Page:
Search For Beauty

After 4 years of anticipation, months of build up, hundreds of qualifiers and 64 tournament games the much waited for South African World Cup is over, and I for one loved it. We had some cracking games, some cracking goals and some surprise performers. The fact that so many people have bemoaned and belittled this tournament really gets to me. We get football (almost) everyday for four weeks, sometime up to four games a day, yet some still complain. It’s ridiculous. Be thankful that such an exhibition piece exists in world football, be thankful that such an event can unify almost the entire globe over a simple game. Too many people seem to be obsessed with the notion of beautiful football and have lost sight of what the beautiful game really is.

During the World Cup pretty much everyone is suddenly a football fan, everyone is interested, has always been interested and is automatically an expert. This is part of a flawed beauty about the game, it elicits such a strong response in such a short amount of time. It’s fantastic when one of your friends or colleagues who has never shown the slightest bit of interest in football previously is suddenly jumping up and shouting at the TV with you, and this is even better when it’s over a game such as Italy vs New Zealand. A game that from a non-football fan shouldn’t really draw you in that much. That’s the brilliant side of the world cup, that’s the side that I love so much. What I can’t stand however is the idiots that suddenly start coming out of the woodwork and spout of nonsense as if it’s stone-cold fact. I’m a talkative chap and I enjoy engaging in conversation with as many people as possible about football, but more and more during this World Cup I have felt the need to bite my tongue and simply walk away, usually also with clenched fists and gritted teeth.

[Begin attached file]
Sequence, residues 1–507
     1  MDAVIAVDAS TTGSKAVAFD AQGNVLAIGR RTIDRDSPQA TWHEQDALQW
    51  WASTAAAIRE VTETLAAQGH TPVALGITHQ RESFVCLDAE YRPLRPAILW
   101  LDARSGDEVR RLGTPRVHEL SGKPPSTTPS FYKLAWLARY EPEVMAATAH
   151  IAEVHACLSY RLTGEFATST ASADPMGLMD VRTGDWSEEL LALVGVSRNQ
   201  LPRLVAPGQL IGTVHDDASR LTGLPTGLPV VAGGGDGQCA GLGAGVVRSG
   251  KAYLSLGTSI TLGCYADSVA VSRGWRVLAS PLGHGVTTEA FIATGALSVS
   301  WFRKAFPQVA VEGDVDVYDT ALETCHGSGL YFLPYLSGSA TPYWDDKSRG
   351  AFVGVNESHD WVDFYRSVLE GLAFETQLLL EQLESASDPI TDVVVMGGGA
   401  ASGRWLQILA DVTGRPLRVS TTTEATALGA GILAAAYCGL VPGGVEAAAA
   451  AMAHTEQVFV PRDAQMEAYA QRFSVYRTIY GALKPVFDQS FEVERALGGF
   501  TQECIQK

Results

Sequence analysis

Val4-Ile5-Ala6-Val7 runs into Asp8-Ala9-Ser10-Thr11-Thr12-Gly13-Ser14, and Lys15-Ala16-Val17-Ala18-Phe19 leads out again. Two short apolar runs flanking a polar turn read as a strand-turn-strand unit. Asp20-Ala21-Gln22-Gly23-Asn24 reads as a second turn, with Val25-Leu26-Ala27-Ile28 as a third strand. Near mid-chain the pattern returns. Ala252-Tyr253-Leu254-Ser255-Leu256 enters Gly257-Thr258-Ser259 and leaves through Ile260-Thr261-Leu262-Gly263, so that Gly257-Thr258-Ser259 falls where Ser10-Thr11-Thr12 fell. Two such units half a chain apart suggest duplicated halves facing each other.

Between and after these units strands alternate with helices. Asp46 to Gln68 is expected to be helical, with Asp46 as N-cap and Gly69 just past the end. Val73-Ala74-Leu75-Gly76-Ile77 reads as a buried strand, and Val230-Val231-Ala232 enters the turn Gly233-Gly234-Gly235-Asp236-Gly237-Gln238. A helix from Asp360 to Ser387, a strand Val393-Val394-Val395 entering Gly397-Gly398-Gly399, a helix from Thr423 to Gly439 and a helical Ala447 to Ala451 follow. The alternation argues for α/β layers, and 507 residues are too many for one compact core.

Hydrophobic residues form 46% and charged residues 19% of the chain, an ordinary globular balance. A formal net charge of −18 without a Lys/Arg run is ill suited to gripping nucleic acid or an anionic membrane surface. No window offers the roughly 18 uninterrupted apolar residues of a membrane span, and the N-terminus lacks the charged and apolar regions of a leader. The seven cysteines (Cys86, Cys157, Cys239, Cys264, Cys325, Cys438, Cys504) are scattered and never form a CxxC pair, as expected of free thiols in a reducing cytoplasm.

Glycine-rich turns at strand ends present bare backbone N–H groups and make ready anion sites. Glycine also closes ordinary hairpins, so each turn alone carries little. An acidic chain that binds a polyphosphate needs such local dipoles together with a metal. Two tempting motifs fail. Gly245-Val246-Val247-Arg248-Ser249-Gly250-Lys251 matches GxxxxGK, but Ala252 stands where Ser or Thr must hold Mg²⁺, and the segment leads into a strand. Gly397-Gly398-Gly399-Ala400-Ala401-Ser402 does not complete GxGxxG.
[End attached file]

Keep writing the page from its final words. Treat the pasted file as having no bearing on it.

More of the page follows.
Finding someone who’s opinion you actual agree with, let alone respect, is very very difficult. The more I speak to random people about football the more I usually get annoyed, it’s not the opinions that annoy me because there can never ever be a wrong opinion. An opinion is personal, it’s something that belongs to you and it’s something that should be treasured. It’s good when people have opinions, especially controversial opinions. This is, of course, as long as they can back up these opinions. I can’t count how many times I have been involved with or overheard a conversation that went along these lines:-

Man 1:- “ I thought Lampard had a good game.”
Man 2:- “Wot?”
Man 1:- “Lampard, I thought he had a good game.”
Man 2:- “Nah, he’s shit”
Man 1:- “ Why do you say that?”
Man 2:- “He just is”
Man 1:- Who do you support?”
Man 2:- “Liverpool”
Man 1:- Where are you from?”
Man 2:- Lowestoft.

Now before I comment on this let me state that this is not a statement on Lampard, on Liverpool or on Lowestoft. This is a statement on the nature of the comment. You could interchange the names, teams or towns very easily. To appease any Liverpool fans I have heard a similar conversation many times about Gerrard from Manchester United fans from places such as Ashford. Now back to the point I want to make here. The problem is that too often you hear baseless comments stated like they are fact and when questioned there is never a reasoned answer. You average “guy down the pub” is exactly what is wrong with the game. These are usually the people that have only ever watched football on the gogglebox, probably haven’t even been within 50 miles of the city where the team that they “support” come from, and if they are from a town or city which doesn’t contain a Premier League club then they would struggle to name the majority of the starting line up of their actual local team.